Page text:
Ahmadinejad heads for New York

President Mahmoud Ahmadinejad travels to New York this week for the UN General Assembly, his disputed re-election still sparking violent protests at home and provocative remarks about the Holocaust drawing condemnation abroad.

The defiant leader will be speaking just days before a high-profile international discussion on Tehran’s controversial nuclear programme.

Several world powers, led by Washington, suspect Iran is using its nuclear energy programme as cover to build an atomic bomb, a charge vociferously denied on Sunday by Iranian supreme leader Ayatollah Ali Khamenei.

Earlier this month Iran submitted a new set of proposals to six major world powers seeking to force Tehran to halt enriching uranium, a process that can produce fuel for power plants but also
serve as the raw material for a bomb.

On Friday, US Secretary of State Hillary Clinton said Iran must “now decide” whether it really wants to engage in serious nuclear talks.

President Barack Obama had given Tehran until the end of September to do so or face a possible fourth set of UN Security Council sanctions.

But Ahmadinejad is sticking to a long-standing position, telling US television network NBC on Thursday that Iran is always willing to negotiate over its nuclear programme but will never cease to
enrich uranium.

A day later, he sparked fresh international outrage by firing new salvos at arch-foe Israel at an annual pro-Palestinian rally.

“The very existence of this regime is an insult to the dignity of the people,” Ahmadinejad said of Israel, adding that Western powers had “launched the myth of the Holocaust”.

In Berlin, German Foreign Minister Frank-Walter Steinmeier said his remarks shamed Iran. “With his intolerable tirades, he shames his country,” and his “anti-Semitism … must be collectively condemned,” he said.

White House spokesperson Robert Gibbs said “denying the Holocaust is baseless, ignorant and hateful,” while the European Union presidency said such statements “encourage anti-Semitism and

Friday’s Tehran rally was marred by new and violent protests by supporters of Ahmadinejad’s rivals, who claim his June 12 re-election was fraudulent.

More than three months since the election, protesters still demonstrate at the slightest opportunity despite a sustained crackdown.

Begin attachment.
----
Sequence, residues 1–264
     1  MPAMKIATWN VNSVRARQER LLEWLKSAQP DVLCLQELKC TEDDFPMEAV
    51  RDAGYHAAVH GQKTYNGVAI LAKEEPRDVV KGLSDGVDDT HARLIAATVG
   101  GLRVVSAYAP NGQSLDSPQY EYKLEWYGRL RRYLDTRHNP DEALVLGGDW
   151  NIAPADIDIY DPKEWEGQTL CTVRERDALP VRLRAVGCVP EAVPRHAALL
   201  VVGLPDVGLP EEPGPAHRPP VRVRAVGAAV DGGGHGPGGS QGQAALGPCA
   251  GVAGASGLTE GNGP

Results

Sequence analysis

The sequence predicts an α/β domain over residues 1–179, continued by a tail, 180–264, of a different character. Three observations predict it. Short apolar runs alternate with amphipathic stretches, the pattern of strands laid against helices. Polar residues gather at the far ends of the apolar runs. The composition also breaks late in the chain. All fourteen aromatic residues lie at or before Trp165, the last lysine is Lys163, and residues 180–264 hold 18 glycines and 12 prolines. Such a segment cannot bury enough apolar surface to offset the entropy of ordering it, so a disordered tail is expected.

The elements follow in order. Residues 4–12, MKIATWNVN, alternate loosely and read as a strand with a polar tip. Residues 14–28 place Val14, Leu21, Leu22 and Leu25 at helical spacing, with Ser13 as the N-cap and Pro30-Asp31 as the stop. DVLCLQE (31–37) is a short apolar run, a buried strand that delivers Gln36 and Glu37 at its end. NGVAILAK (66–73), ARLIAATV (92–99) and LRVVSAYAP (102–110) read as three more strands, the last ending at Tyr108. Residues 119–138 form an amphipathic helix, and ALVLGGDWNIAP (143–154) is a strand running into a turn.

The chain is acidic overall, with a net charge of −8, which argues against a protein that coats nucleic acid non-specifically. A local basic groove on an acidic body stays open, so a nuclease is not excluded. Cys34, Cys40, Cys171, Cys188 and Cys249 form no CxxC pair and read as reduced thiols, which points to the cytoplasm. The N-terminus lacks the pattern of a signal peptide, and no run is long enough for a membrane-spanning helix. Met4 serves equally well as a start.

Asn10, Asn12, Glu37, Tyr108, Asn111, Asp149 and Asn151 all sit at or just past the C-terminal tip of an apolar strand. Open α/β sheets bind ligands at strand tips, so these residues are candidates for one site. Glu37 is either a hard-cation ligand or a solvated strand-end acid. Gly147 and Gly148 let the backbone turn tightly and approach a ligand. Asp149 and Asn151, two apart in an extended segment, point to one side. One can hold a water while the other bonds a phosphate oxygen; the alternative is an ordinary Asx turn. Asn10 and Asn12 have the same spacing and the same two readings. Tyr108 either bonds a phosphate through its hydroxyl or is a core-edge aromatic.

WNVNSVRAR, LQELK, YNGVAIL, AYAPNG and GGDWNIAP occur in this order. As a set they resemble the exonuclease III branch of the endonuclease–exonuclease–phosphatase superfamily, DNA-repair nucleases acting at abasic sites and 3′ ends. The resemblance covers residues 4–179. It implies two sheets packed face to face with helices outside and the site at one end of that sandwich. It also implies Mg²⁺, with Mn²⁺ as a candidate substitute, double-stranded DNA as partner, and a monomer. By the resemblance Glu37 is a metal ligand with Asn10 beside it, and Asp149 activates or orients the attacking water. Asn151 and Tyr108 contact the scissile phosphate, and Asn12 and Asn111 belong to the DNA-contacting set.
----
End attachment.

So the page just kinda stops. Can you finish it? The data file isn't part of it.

Opposition websites claim that several groups of expatriate Iranians plan to gather in New York during Ahmadinejad’s visit to protest.

His trip has already made news, with New York’s posh Helmsley Hotel having cancelled a banquet booking after saying it had learned Ahmadinejad would be guest of honour.

Khamenei, who has ultimate authority over Ahmadinejad, on Sunday denounced the US-led allegations that Iran has a covert atomic bombs programme.

“They falsely accuse the Islamic republic of producing nuclear weapons. We fundamentally reject nuclear weapons and prohibit the production and the use of nuclear weapons,” he said in a speech on state television.

“They know themselves that it’s not true … but it is part of Iran-phobia policy that controls the behaviour of these arrogant governments today.”

Ahmadinejad’s previous visits to the UN were also marked by controversy.

In 2008, he said the “American empire” is nearing collapse and must end its military engagement in other countries.

In 2007, he appeared at New York’s prestigious Columbia university and made the controversial claim that Iran had no homosexuals, cast doubt on the Holocaust and was chastised by the university head as a “petty dictator”.

His supporters back home touted the speech as an “epic”.

In 2006, Ahmadinejad challenged the UN Security Council head on, saying the council will “neither be legitimate nor effective” if it is unable to act on behalf of the entire international community.

He also attacked Israel, saying its regime “has been a constant source of threat and insecurity in the Middle East region, waging war and spilling blood and impeding the progress of regional countries.”

This week, he is expected to strongly defend Tehran’s nuclear programme, but also advocate global nuclear disarmament.

Iranian officials have said that their October 1 talks with the six world powers — Britain, China, France, Germany, Russia and the United States — will focus on disarmament, a key element of Tehran’s new proposals. – AFP

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Jay Deshmukh
Jay Deshmukh
Sudan Bureau Chief for Agence France Presse (AFP) based in Khartoum.

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